Tailored process technologies complemented by modular builds to meet all performance, efficiency and cost targets.
Removing nitrogen to increase thermal efficiency
Demand for natural gas is growing. It is viewed as an increasingly important stepping stone on the journey towards a low-carbon economy. When extracted, natural gas is a mixture of gases, with hydrocarbons being the main component. However, raw natural gas also frequently contains the inert gas nitrogen. Nitrogen lowers the heating value of natural gas and increases transport volumes. The challenge lies in reducing this nitrogen content to typically 3-4 percent for pipeline specifications or even 1 percent for storage as liquefied natural gas (LNG). Linde offers a range of nitrogen rejection units (NRUs) for the safe and economical separation of nitrogen. These NRUs lower the nitrogen content in natural gas to pipeline specifications or to below one percent for storage. This reduces both transport volumes and increases the calorific value of the gas, thus meeting the high requirements of industry and trade.
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Our portfolio for rejecting nitrogen from natural gas includes single-column, single partitioned column and double-column processes as well as double-column processes with an enrichment step. Various modular designs combine the highest quality levels with accelerated delivery schedules. Our modular NRUs comprise a process module, a coldbox and two pump modules.
Reaching beyond our modular portfolio, we also offer customized configurations tailored to the individual composition of the gas in relation to both the nitrogen content and other impurities, which could solidify in the cryogenic process. In addition, we engineer hybrid processes to recover other fractions of interest. If helium is present in the gas stream in relevant quantities, for example, we combine nitrogen rejection with helium recovery. High-purity helium can be obtained through a hybrid configuration where pressure swing adsorption (PSA) is followed by our HISELECT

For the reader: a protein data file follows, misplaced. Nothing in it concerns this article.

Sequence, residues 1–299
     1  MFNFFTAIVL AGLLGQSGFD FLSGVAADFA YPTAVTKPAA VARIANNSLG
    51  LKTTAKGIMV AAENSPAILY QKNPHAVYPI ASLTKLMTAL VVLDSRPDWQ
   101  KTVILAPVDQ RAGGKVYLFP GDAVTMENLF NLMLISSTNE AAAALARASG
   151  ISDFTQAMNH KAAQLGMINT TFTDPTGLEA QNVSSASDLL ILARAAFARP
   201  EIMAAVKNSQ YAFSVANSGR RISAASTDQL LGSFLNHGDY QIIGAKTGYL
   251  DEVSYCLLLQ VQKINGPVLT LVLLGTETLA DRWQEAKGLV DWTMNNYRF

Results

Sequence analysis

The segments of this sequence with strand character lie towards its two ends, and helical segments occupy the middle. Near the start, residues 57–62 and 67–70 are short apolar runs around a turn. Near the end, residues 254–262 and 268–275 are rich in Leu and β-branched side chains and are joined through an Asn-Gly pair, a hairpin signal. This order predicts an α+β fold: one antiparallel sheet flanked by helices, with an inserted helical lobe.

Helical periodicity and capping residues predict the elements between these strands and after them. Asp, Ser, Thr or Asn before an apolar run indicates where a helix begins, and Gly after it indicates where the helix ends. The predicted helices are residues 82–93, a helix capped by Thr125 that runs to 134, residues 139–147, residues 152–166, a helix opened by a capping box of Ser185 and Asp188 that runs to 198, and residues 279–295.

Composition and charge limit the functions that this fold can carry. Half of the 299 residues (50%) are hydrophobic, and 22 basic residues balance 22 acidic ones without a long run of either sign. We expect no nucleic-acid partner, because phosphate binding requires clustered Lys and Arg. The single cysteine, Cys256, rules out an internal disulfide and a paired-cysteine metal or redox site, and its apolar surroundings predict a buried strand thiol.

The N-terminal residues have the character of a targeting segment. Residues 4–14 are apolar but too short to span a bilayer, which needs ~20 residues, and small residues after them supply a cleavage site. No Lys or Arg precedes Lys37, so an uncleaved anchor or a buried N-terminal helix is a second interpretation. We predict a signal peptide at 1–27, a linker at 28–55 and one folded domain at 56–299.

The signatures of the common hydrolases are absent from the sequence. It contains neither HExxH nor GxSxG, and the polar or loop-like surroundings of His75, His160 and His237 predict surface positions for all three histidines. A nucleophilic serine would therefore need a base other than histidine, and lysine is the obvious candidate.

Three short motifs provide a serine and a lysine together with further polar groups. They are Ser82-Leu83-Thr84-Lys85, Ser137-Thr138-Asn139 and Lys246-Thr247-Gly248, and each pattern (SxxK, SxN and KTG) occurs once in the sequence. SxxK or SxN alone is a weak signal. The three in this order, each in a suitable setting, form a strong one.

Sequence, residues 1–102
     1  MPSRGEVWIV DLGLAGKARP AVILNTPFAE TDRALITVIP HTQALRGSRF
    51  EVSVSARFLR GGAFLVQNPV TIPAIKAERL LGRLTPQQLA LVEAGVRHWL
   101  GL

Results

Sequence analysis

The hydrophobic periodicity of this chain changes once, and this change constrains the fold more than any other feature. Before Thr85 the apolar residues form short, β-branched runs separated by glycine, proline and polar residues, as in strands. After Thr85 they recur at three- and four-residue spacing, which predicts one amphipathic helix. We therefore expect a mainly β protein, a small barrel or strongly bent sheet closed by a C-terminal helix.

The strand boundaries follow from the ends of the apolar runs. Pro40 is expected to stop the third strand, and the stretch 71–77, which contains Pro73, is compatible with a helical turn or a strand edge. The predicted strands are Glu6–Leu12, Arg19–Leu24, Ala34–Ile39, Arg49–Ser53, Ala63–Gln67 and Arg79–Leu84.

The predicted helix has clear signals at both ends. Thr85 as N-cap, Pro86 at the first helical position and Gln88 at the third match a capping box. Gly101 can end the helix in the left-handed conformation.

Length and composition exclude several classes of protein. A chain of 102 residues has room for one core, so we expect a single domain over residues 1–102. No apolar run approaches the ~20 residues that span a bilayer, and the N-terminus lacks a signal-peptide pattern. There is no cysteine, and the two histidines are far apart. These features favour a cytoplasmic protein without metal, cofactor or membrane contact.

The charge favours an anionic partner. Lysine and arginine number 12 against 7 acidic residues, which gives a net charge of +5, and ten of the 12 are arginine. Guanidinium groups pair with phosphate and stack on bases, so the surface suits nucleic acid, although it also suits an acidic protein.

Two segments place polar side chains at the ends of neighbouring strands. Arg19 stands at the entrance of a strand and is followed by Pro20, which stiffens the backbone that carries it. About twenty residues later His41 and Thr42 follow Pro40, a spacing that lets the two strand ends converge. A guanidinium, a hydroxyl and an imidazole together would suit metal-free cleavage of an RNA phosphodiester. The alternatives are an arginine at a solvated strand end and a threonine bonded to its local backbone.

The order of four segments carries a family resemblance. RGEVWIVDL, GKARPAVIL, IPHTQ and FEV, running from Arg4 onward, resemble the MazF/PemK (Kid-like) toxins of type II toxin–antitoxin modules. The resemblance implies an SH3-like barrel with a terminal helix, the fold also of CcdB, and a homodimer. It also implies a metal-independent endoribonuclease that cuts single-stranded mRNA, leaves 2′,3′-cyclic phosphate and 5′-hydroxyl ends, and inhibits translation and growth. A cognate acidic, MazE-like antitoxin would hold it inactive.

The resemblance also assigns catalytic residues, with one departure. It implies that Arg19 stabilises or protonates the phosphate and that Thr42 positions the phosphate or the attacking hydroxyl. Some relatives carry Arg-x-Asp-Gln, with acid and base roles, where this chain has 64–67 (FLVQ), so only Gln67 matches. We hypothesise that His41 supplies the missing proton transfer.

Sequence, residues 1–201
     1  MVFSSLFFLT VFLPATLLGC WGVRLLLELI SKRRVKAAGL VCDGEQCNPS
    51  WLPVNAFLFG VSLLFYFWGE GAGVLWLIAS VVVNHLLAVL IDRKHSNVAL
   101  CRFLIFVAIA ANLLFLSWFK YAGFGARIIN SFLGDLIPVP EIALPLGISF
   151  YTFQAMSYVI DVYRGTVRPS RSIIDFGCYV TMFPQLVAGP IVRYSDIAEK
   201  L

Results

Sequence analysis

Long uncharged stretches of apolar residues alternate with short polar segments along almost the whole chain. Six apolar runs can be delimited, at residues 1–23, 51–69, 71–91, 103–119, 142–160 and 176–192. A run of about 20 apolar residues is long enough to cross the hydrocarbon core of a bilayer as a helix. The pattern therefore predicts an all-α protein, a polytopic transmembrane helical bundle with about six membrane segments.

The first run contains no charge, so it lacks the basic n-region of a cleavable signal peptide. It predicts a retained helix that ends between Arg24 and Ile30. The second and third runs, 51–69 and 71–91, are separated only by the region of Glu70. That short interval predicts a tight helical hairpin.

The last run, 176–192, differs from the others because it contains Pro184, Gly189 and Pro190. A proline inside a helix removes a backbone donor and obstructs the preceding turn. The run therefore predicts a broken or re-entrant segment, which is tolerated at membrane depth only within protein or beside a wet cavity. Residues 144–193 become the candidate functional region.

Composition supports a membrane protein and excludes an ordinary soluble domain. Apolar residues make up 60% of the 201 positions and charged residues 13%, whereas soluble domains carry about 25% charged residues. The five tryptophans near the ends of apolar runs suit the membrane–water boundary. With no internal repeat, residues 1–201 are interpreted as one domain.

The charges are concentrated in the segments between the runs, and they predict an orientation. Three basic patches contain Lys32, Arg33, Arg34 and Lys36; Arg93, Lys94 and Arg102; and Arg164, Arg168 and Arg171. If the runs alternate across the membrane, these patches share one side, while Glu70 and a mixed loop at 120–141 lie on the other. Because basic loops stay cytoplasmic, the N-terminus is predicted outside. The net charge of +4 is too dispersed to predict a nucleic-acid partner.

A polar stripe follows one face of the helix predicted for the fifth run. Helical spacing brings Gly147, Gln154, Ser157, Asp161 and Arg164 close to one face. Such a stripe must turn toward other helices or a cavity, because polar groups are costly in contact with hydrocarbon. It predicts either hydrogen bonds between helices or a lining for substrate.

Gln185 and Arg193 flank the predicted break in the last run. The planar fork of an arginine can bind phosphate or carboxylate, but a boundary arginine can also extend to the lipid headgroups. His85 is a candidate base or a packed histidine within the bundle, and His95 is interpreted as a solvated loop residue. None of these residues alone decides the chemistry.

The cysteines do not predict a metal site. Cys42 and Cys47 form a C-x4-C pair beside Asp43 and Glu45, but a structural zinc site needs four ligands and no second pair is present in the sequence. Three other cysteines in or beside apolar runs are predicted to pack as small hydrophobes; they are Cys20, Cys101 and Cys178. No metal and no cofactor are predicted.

® gas purification units specially engineered to offer excellent energy efficiency, selectivity and robustnes
Over 130 years of experience in the fabrication of cryogenic modules and packaged equipment
Core fabrication facilities in Germany complemented by satellite workshops worldwide for optimized logistics
Proprietary technologies designed to the highest quality standards
Perfect fit for individual needs with multiple process options and designs tailored to individual needs
Modular designs bundling process module, coldbox and two pump modules for time, cost and quality gains
Full project lifecycle –from process consulting to turnkey handover
Amur GPP – single-column NRU
Another project currently under construction is the largest natural gas processing plant. Linde is supporting this project with a nitrogen rejection unit. The aim is to reduce the nitrogen fraction of the natural gas to one or two percent, to make the separated liquefied nitrogen available for use in other processes and to capture the tiny quantities of valuable helium present in the gas (well under one percent) so it can be commercialized.
In the first stage of the single-column NRU designed by Linde, the methane and nitrogen (together with the helium fraction) are separated. The helium is then separated from the nitrogen (based on the different boiling points of the other natural gas components). Stage 2 utilizes a coldbox to cryogenically separate the remaining components so efficiently that over 98 percent of the helium present in the natural gas can be used. The captured nitrogen is used in the downstream helium liquefaction process.
Australia – double-column NRU
Moving over to the other side of the world, a double-column design proved to be the best choice for one of Australia’s largest natural gas processing plants, which is also currently under construction. Linde’s role was to develop an NRU to improve the calorific value of the low-quality gas by reducing the nitrogen fraction. In other words, upgrade the natural gas so it can be fed into the local gas network.
Unlike the Amur GPP, the minimal helium fractions present in the comparatively low-grade Australian natural gas are not economically viable. So it makes sense to remove the intrinsically worthless nitrogen and release it to the atmosphere. A double-column process emerged as the most energy-efficient solution. Highly pressurized liquid nitrogen can be drawn from the lower of the two superimposed cryogenic columns to provide a refrigerant for the process. The nitrogen is fed to the upper column, where it expands and thereby cools from around minus 150 degrees Celsius to minus 180 degrees Celsius.